The other colleague argued that the “very simple and standard-model only” model by Turok assumed not just the Standard Model but also right-handed neutrinos, to which a small exchange followed about whether RH neutrinos can be considered practically-Standard-Model or not. The discussion dragged on a bit, and at some point Turok admitted—although very en-passant—that also his model is affected by totally ad-hoc assumptions such the Z2 symmetry that makes one and only one of the RH neutrinos stable. And yes, that assumption is totally ad-hoc and is apparently the only way in which the theory can explain why of all RH neutrinos only one should be stable and give rise to Dark Matter. Again, I think that while it’s healthy that students are exposed to debate and to new ideas, the way in which the theory has been presented before the critics has been very problematic.
Summarizing, I think our duty as scientists is to give both the public and the students the most objective picture about whatever new theory we fancy at the moment—even if we ourselves devised that theory.
It is good to expose the public to some degree of the professional debate about some topics—although it probably depends on the topic; debate about CPT has not the same impact on the layman as a debate about black holes—remember when people believed the LHC would have destroyed the Earth?—or vaccines.
However, when speaking to—or writing for—people that have not the capabilities of critically sieving through information, we should be very careful to not misrepresent the difference between the current scientific consensus and yet untested theories.
It’s grant-writing season, and I have a grant request submission deadline at the beginning of next week. On top of that, I have to finalize a paper I will present (also next week) at a statistics conference.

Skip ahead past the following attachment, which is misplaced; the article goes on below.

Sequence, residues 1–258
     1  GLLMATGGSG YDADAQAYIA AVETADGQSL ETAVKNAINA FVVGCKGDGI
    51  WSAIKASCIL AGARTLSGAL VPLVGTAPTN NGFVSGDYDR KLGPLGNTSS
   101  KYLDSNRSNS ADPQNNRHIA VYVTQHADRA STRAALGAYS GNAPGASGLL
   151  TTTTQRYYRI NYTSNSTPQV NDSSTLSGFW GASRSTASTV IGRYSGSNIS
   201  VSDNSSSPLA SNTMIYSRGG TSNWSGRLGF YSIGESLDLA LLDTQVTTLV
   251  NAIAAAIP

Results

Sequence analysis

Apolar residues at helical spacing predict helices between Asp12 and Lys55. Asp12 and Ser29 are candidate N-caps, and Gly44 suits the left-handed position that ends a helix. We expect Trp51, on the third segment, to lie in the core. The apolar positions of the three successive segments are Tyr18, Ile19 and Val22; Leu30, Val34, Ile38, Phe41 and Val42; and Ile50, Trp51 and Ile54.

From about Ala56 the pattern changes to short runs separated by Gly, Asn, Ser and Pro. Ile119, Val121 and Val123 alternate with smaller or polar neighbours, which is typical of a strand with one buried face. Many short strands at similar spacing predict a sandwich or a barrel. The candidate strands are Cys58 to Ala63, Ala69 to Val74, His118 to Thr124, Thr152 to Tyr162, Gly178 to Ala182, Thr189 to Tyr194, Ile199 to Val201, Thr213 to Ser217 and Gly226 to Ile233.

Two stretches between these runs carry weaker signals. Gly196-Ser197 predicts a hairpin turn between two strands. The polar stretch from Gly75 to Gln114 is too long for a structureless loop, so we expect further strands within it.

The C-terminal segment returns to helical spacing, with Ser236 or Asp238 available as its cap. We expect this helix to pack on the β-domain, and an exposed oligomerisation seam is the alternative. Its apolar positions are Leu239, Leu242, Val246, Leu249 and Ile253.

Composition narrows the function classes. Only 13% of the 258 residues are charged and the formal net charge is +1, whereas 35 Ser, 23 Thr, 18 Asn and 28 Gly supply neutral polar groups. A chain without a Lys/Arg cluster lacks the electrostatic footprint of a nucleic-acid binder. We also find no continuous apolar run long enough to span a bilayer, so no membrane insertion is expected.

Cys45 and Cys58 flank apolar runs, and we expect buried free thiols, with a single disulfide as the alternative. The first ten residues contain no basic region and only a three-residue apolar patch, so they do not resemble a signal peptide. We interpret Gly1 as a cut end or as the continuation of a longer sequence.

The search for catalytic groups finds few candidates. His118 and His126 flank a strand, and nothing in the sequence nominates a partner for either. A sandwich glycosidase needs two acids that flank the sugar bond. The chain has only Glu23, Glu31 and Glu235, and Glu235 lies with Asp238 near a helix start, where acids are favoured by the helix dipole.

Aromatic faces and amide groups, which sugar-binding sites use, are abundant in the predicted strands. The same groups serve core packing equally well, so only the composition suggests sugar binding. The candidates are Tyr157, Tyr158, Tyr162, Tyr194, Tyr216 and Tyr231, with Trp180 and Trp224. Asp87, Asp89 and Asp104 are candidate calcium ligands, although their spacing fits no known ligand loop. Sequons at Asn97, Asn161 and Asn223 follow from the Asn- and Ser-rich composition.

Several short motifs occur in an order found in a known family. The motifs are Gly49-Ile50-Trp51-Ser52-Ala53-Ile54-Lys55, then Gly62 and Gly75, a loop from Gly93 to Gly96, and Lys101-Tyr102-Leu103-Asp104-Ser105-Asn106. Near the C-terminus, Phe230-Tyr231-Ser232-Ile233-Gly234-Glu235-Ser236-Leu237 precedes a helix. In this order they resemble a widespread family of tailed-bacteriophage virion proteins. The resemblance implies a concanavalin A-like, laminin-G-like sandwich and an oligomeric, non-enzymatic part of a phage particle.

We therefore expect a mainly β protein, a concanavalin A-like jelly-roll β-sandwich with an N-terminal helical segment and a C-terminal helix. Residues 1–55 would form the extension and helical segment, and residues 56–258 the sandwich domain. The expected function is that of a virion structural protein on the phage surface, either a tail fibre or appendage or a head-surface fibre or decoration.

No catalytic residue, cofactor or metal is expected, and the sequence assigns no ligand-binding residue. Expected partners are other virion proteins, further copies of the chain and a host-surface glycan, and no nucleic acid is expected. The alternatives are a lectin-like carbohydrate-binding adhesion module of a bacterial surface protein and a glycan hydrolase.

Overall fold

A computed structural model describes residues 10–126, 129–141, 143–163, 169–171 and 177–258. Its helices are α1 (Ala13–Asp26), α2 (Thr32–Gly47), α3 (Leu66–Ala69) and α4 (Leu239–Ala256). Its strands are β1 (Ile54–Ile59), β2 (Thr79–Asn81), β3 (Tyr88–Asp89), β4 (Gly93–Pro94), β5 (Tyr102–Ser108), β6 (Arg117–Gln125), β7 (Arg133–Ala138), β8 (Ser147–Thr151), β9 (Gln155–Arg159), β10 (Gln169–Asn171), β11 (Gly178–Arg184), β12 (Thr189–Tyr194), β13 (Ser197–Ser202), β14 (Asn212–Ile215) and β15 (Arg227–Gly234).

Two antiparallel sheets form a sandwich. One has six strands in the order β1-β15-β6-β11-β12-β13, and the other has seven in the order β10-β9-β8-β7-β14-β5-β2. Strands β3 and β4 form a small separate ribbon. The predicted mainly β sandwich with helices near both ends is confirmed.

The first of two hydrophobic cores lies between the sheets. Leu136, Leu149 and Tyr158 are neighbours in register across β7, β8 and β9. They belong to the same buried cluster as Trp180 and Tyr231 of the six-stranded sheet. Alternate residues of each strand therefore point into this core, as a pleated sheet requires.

Last week I have been busy finalizing my latest CMS paper that is now on the ArXiv, about WZ bosons production (very nice measurement, improving the current experimental picture quite a lot, I must say—highly suggested reading), and grading programming assignments for the course I am assistant of this semester in UCLouvain.
The nice thing is that—contrary to the past—I am not scratching fingers at the deadline while feeling the pressure of urgency; I am just doing exactly what I should be doing at this stage, i.e. polishing material that is mostly final.
And this, folks, is a hugely relaxing sensation.
So relaxing that, in fact, I am writing this while going to fetch the pizzas The Wife and I ordered for take-away 🙂
I am using R for a project of mine; I had used R a few years ago in a very elementary way, but I had never gone into it seriously.
Thanks to a statistician—ESR of the AMVA4NewPhysics network, Grzegorz Kotkowski—who did an internship with my supervision at the Universidad de Oviedo last year, I got acquainted with RStudio, and decided to give it a try.
I had a few troubles at the beginning, mostly to figure out the peculiarities of R with respect to other languages, and nowadays I mostly fight with ggplot for tweaking the graphics of my plots.
However, today I was unit-testing my code for a plot I made that was highly suspicious; the variable to be plotted appeared to have a value of Inf most of the times.
Digging inside the code, I figured out that the Bayes Factor in these cases was… negative!!! Now, this is bad in a huge way, because the Bayes Factor is supposed to be positive-defined (at least in usual Bayesian statistics, that obeys the Kolmogorov axioma); it turns out that the negative sign came from the Gauss hypergeometric function that I was importing from the package Appell 0.0-4.